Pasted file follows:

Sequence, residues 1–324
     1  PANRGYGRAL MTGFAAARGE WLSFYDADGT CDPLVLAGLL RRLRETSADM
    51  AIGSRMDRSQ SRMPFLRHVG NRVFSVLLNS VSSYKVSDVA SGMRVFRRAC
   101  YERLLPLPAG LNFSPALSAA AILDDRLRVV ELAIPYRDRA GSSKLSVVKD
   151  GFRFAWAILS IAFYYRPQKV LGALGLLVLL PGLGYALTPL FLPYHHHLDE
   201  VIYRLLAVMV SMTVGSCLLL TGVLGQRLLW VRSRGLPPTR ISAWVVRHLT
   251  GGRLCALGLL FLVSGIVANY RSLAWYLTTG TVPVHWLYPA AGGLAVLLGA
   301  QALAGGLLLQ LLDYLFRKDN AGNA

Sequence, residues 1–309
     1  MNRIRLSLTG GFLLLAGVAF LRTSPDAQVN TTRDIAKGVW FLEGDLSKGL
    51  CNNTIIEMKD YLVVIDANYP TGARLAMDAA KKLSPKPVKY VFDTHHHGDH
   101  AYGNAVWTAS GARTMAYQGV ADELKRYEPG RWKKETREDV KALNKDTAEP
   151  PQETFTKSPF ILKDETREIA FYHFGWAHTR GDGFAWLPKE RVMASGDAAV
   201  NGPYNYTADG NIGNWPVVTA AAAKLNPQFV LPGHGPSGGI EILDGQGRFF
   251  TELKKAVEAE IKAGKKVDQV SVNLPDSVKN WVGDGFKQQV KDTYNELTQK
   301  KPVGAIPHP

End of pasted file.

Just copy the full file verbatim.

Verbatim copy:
Sequence, residues 1–324
     1  PANRGYGRAL MTGFAAARGE WLSFYDADGT CDPLVLAGLL RRLRETSADM
    51  AIGSRMDRSQ SRMPFLRHVG NRVFSVLLNS VSSYKVSDVA SGMRVFRRAC
   101  YERLLPLPAG LNFSPALSAA AILDDRLRVV ELAIPYRDRA GSSKLSVVKD
   151  GFRFAWAILS IAFYYRPQKV LGALGLLVLL PGLGYALTPL FLPYHHHLDE
   201  VIYRLLAVMV SMTVGSCLLL TGVLGQRLLW VRSRGLPPTR ISAWVVRHLT
   251  GGRLCALGLL FLVSGIVANY RSLAWYLTTG TVPVHWLYPA AGGLAVLLGA
   301  QALAGGLLLQ LLDYLFRKDN AGNA

Sequence, residues 1–309
     1  MNRIRLSLTG GFLLLAGVAF LRTSPDAQVN TTRDIAKGVW FLEGDLSKGL
    51  CNNTIIEMKD YLVVIDANYP TGARLAMDAA KKLSPKPVKY VFDTHHHGDH
   101  AYGNAVWTAS GARTMAYQGV ADELKRYEPG RWKKETREDV KALNKDTAEP
   151  PQETFTKSPF ILKDETREIA FYHFGWAHTR GDGFAWLPKE RVMASGDAAV
   201  NGPYNYTADG NIGNWPVVTA AAAKLNPQFV LPGHGPSGGI EILDGQGRFF
   251  TELKKAVEAE IKAGKKVDQV SVNLPDSVKN WVGDGFKQQV KDTYNELTQK
   301  KPVGAIPHP